A mom wrote in recently to ask what to do about her daughter who is very anxious about starting kindergarten, even to the point of having anxiety attacks when she thinks about it. The mom did not send her daughter to preschool, and the two are very attached. What to do? Well, mama, I feel your pain and I'll try to help out as much as I can.

My own experience is just the opposite. I sent my daughter to preschool, and then kept her home for kindergarten. It happened one day when I was bringing her home from preschool and I questioned why I was sending her to school in the first place. So many times we fall into this cultural belief system without a second thought. School is like that--not that it is right or wrong, but it is a cultural pattern that we continue without really questioning why. If we really get down to the heart of the issue, we will find that many of our thoughts, habits and patterns are just handed down to us from our culture and our society.

My suggestion would be to question why she must attend school. Are you worried about meeting her educational needs? Does she need to branch out and foster more friendships? Do you need her to go to school so that you can go to work? Spend some time and write down the reasons she must attend school (all cultural and societal pressures aside). School must be something that will enrich your child, as well as your relationship with her. It should never be heartache and anxiety. There will be enough reasons to have anxiety attacks throughout life--school should not be one of them.

Personally, I have both. One of my children attends school (my oldest is in high school) and the rest of them are homeschooled. We decided to take the school issue one year at a time, and every year we have decided that homeschooling was such a fulfilling and enriching option that we have continued with it. Now my oldest will be going into high school, and I look at her today and know that she is not only mentally prepared, but emotionally as well. She was that child that stayed home from kindergarten, and I am so grateful that I have had the opportunity to share her school experience with her.

Take it one year at a time, and spend some time getting to the heart of the issue. School may not be the right option for her at this point. However, if you feel that it is, then try to soothe her anxiety by preparing her for the change. Visit the school with her, walk down the halls, get excited about the new opportunity, let her know that you will be very close while she is at school (perhaps even at a nearby coffee shop or shopping center for the first few days). I hope that helps and please let me know how she is coping (and you, too!).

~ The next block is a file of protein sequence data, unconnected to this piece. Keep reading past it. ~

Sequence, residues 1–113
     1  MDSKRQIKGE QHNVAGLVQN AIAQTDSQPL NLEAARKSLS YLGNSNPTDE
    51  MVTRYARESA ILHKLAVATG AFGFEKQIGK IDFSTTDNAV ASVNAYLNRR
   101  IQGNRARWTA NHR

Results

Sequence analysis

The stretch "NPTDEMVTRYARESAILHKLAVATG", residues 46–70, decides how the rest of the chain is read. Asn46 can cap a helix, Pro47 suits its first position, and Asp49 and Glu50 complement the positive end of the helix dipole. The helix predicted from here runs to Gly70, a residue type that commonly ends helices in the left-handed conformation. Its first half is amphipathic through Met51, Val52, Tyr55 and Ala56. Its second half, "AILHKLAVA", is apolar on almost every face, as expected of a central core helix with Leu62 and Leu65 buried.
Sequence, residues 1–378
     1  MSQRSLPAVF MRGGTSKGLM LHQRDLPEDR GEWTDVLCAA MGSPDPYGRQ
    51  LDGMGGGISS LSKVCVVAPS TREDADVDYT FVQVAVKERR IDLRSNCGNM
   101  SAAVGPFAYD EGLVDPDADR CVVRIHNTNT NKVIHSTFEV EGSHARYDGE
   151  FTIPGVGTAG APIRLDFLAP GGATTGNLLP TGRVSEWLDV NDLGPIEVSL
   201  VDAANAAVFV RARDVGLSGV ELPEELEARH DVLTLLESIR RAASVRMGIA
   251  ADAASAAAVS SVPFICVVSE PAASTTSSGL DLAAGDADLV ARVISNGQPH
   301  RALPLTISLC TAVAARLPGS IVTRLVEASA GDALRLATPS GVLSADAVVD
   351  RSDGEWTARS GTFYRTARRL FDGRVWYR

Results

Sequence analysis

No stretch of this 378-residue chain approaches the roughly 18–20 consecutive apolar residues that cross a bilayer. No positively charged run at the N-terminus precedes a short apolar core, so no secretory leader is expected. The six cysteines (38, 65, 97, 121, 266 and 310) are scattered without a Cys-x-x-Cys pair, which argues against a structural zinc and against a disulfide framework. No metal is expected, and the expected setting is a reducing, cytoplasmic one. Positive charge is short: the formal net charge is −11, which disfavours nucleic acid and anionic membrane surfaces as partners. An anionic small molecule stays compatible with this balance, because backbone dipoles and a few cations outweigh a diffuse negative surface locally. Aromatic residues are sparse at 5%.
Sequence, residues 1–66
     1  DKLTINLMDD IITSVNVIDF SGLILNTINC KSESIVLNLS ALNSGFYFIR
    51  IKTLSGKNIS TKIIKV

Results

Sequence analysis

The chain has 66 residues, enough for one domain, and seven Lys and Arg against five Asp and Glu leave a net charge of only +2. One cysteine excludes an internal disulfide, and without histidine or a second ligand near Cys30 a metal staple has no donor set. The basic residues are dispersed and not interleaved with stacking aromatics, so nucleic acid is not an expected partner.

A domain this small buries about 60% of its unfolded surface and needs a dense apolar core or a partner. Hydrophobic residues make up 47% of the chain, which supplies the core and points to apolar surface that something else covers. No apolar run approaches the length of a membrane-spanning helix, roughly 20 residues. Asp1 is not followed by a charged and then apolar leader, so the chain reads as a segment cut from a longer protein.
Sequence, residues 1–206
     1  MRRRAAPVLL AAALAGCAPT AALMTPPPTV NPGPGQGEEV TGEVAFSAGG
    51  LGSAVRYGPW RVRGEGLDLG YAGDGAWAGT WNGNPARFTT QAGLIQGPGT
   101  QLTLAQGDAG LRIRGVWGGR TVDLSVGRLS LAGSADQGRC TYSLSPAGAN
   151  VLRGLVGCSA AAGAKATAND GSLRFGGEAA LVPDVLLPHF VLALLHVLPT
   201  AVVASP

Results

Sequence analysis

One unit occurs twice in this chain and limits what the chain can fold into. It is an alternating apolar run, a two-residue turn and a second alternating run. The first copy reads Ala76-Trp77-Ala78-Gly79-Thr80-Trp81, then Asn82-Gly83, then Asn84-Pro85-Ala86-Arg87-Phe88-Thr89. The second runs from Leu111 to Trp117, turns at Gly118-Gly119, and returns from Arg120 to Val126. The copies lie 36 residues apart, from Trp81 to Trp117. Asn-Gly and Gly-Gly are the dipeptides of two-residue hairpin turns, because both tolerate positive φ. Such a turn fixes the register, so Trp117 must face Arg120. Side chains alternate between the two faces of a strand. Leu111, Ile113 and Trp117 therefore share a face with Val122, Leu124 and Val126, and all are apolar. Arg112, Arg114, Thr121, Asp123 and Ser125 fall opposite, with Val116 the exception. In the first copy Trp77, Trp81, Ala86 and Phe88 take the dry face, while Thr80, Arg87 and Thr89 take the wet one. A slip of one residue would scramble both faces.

Please, moms, if you have any advice to help a child make the transition into school, post it here and help this mom out. Thanks so much!

Friday, August 3, 2007

Question about Dairy

As many of you moms know, I am not into dairy. But I recently got a question from one mom who wants to know what to use in place of butter. Margarine is terribly unhealthy. I use light olive oil in my baking, and Smart Balance for everything else. That's the healthiest replacement I've found so far (non-hydrogenated, no trans-fat). But if you moms have some information to pass along, please share it.

Also, another mom asked about finding a replacement for milk. She and her daughter aren't too keen on the taste of soy milk. There are so many flavors of non-diary milk, that there has GOT to be one out there for you. You may want to get turned on to soy milk by buying some sweeter flavors, like Very Vanilla by Silk or some of the chocolate varieties. You can then cut back on the sweetness as you get adjusted. Also, try different brands and see if one suits your taste.

Another mom wrote in because she is worried about the estrogen in soy milk. Actually, soy contains a natural chemical that mimics estrogen. And the chemicals and hormones that you get from dairy is a LOT worse than anything you would find in soy milk. My entire family does soy milk, and personally, I have not noticed anything adverse (if only I could blame PMS on soy milk....). However, if it bothers you, try rice milk or almond milk. There are delicious varieties of both. I got some rice cheese tonight that was delicious in my lasagna.

So now it's your turn, mom. What do you think? Write your comments and let me know.

Learning is so much FUN!

If given the choice, my boys would play video games indefinitely, leaving only to make occasional bathroom visits or stick something edible in their mouths. Fortunately, they have a mom who keeps close tabs on the gaming situation. They are only allowed to play on the weekend, and then it's only for an hour (yes, I'm pretty harsh).

I would love to hear from some moms out there who struggle with this same situation--video game fanatics!